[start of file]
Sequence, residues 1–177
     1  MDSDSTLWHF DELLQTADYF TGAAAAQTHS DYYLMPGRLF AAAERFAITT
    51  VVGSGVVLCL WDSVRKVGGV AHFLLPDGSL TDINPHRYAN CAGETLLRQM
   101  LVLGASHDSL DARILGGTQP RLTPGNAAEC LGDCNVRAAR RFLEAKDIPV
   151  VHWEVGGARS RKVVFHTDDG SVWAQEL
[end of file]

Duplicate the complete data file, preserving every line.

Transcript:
Sequence, residues 1–177
     1  MDSDSTLWHF DELLQTADYF TGAAAAQTHS DYYLMPGRLF AAAERFAITT
    51  VVGSGVVLCL WDSVRKVGGV AHFLLPDGSL TDINPHRYAN CAGETLLRQM
   101  LVLGASHDSL DARILGGTQP RLTPGNAAEC LGDCNVRAAR RFLEAKDIPV
   151  VHWEVGGARS RKVVFHTDDG SVWAQEL